As proud as a Nepali can be, I refuse to sign any internet petitions against the Indian Blockade. This may seem contrary to what now passes as a patriot, the sheer anti-India conception. One need not be against Indian governments (past and present) to be a patriot, one simply needs to be a true self of what one believes in, for identity is acquired not ascribed.
Nepalese people have been known for two things: Laughter and Guts. Laughter is our meaning to life while Guts provides the fuel necessary for such a mirth. I don’t believe in opening up the transit points because it will make us ultra-dependent on India once again. Yes, the blockade is illegal but it is also revelatory to Nepalese consciousness. In the name of helping its neighbors, Indian governments have offered loans, bi-lateral agreements, investments, multi-million projects to Nepal, and shamefully, we have accepted it as a token of goodwill since Day 1 (First Five Year Plan, 1956). One thing that I have come to observe is that International politics is never about politics, it is always economic in nature, protecting one’s investments through any means necessary; corruption, nepotism, destruction of local businesses, dependence on third parties, direct/indirect political interference among others, which we are well acquainted with.
Look what we have to show for ourselves! Lofty stories of Gurkha Regiments and a melting Mt. Everest. A mere 5.1% of GDP and $2400 for GDP per capita (CIA World Fact Book, 2014) and other low, insipid data and charts representing bleakness of our plight.
Once the blockade is undone, we are going to be back on the same path. One shouldn’t care about what India speaks and interprets but what we as a nation stand for. When I thought about Nepal it was a hopeless case of unity. I thought we are never going to be a united country, having more than a hundred of ethnic groups and 123 languages spoken (CBS, 2011), without an element that could unify, we were a doomed nation. One can argue that anti-Indian sentiments are unifying elements but what commences from hate never bodes well. One should plainly refute it on the grounds of propriety. Then a miracle happened, Earthquake! Which symbolizes the path that we should tread on. The destruction of past faults to create new. Never had Nepal been so unified as a nation. The spirit still lingers.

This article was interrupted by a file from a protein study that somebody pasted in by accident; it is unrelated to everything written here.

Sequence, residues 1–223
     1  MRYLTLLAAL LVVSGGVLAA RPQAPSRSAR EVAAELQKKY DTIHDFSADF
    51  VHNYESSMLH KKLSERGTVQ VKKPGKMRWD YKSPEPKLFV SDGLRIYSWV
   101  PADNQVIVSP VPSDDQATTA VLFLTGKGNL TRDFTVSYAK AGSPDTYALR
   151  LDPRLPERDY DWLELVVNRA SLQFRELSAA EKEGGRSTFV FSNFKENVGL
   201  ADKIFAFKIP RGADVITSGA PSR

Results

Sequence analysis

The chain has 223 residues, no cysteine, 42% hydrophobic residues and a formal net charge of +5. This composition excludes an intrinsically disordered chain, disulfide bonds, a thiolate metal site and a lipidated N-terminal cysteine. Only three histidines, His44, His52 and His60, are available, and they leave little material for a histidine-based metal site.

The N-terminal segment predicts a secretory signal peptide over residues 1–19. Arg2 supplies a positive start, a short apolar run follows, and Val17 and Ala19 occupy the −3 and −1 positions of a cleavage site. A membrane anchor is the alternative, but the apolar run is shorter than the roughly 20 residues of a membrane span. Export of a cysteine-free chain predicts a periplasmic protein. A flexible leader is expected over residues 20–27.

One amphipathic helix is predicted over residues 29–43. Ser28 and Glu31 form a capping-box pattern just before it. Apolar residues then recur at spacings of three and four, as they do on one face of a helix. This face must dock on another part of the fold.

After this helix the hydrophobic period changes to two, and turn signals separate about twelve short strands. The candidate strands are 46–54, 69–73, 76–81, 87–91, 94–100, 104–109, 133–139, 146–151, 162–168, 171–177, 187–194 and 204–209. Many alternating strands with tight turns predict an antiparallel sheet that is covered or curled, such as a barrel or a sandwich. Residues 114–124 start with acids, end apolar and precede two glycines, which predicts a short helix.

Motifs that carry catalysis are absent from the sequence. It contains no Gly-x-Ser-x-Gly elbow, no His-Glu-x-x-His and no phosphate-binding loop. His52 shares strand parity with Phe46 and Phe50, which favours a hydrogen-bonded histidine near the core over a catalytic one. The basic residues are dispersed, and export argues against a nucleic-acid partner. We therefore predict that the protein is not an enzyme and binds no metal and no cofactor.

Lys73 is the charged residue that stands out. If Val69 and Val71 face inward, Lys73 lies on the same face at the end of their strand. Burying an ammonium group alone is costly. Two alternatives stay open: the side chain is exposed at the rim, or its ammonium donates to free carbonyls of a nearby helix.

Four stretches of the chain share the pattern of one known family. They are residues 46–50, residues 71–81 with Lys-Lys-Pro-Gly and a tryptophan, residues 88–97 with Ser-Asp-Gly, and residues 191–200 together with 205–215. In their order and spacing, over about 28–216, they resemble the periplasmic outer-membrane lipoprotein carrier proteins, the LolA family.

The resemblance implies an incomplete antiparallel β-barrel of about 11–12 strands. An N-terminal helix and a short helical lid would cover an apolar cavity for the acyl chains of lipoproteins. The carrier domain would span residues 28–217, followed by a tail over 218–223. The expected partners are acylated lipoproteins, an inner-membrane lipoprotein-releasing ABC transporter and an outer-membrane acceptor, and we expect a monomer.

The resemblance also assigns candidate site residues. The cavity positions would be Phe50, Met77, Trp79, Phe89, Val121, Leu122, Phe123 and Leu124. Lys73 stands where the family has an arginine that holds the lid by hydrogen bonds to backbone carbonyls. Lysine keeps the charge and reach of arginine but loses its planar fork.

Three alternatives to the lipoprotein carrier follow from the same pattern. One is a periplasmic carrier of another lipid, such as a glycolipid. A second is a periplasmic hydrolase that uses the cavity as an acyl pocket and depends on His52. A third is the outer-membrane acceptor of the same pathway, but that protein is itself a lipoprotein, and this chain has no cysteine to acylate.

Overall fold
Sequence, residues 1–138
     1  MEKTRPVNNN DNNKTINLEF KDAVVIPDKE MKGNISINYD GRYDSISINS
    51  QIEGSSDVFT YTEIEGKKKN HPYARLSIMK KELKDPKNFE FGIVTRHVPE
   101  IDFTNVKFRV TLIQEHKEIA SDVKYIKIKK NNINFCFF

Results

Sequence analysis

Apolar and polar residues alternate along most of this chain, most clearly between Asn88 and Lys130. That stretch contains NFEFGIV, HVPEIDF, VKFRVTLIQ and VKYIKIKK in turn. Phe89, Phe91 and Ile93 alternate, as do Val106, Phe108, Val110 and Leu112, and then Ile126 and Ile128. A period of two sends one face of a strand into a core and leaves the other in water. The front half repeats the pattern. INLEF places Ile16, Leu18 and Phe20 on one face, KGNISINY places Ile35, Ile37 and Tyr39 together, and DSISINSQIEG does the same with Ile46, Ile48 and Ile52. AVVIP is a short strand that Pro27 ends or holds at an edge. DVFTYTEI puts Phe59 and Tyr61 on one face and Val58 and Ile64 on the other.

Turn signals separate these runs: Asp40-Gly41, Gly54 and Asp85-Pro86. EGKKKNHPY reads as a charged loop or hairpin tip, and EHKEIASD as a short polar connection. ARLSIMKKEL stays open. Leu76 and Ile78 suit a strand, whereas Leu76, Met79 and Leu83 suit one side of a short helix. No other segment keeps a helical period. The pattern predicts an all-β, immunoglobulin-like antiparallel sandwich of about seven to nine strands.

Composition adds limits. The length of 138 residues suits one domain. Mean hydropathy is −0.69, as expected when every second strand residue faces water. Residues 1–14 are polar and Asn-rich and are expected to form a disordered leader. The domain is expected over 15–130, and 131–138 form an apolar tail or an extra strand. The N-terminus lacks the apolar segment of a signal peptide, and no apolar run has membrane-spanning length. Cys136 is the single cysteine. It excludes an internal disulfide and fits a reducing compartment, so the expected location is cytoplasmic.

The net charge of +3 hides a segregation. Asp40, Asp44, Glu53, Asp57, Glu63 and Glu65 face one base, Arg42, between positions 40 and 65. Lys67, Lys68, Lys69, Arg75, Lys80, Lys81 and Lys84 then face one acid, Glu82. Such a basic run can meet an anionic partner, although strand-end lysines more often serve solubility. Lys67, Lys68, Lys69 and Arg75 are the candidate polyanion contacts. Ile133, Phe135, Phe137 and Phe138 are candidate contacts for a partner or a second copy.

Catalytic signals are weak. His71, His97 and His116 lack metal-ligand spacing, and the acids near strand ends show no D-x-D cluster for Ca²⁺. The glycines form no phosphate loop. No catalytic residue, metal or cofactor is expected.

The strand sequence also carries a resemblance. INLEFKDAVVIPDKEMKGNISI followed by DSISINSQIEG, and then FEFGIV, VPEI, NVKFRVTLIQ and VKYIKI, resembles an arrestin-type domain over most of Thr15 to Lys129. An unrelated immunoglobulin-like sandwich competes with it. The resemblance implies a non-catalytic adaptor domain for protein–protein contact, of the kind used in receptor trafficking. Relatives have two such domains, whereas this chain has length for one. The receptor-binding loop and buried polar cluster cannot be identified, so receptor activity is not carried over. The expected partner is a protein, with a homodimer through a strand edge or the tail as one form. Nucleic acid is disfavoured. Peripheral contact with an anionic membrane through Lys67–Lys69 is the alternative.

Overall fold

Liberalization, Privatization and Globalization (LPG) were initiated through multiparty democracy in Nepal in the 90’s. It opened up a wide range of possibilities for business in Nepal but us imbeciles, let it go the Indian way. We are a flop on this matter. But why? Is it because the Indian governments were shrewd in diplomacy or is it our own misdoings. Let’s look at ourselves from head to toe, what have we for ourselves. And this blockade, it’s a sign of fresh constitution, a fresh start for us. Why should we go back on Indian dependence now. Yes, it’s harsh but Rome wasn’t built in a day either. Let it be known to the world that we can sustain ourselves, which of course, without a shred of doubt we can. Also, let’s make some logical amendments on our constitution that truly addresses the Madhesh issues. It is in certes, an injustice to them for they have some valid demands and some are allegedly Indian demands. With more than 50% of our population residing in Terai of which 22% are identified as Madheshis (Both indigenous and immigrants from India), it is imperative that amendments to facilitate equity based policies should speed up before the demarcation comes into practice. Since 2006, Distributive justice has been the basis on which people’s participation is facilitated, it should be continued till equality is achieved.
So how do we achieve equality in an underdeveloped country which is pervasively dependent on India for its economic and political development? Through China? No! Another cycle of dependency will ensue. We need to take this blockade by its throat and do what every developed countries in the world has rudimentarily done, let the means of production be local.
Let’s be gutsy and let’s smile on the face of despair like our ancestors were known for.